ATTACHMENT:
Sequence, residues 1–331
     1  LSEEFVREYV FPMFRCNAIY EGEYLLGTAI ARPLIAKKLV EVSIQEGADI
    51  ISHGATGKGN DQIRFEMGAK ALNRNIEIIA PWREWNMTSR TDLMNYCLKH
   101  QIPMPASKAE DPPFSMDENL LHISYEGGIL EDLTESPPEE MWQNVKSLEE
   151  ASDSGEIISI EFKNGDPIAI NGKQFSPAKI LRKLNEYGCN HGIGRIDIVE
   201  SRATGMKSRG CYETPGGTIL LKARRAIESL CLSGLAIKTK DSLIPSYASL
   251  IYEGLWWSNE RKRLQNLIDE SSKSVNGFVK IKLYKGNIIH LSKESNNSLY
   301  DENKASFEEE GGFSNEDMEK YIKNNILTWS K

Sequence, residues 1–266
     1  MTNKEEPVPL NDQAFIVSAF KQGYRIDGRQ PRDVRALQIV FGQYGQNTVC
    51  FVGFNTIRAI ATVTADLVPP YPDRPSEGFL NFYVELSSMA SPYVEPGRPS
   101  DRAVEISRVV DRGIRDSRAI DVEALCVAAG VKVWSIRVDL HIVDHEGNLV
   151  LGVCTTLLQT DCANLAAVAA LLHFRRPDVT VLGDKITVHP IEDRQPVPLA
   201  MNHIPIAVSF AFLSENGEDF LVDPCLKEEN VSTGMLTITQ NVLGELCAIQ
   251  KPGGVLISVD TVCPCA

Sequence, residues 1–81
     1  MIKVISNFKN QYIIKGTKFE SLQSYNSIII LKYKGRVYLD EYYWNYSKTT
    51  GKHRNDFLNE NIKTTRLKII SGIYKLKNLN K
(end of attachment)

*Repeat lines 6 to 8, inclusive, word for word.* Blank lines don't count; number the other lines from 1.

   201  SRATGMKSRG CYETPGGTIL LKARRAIESL CLSGLAIKTK DSLIPSYASL
   251  IYEGLWWSNE RKRLQNLIDE SSKSVNGFVK IKLYKGNIIH LSKESNNSLY
   301  DENKASFEEE GGFSNEDMEK YIKNNILTWS K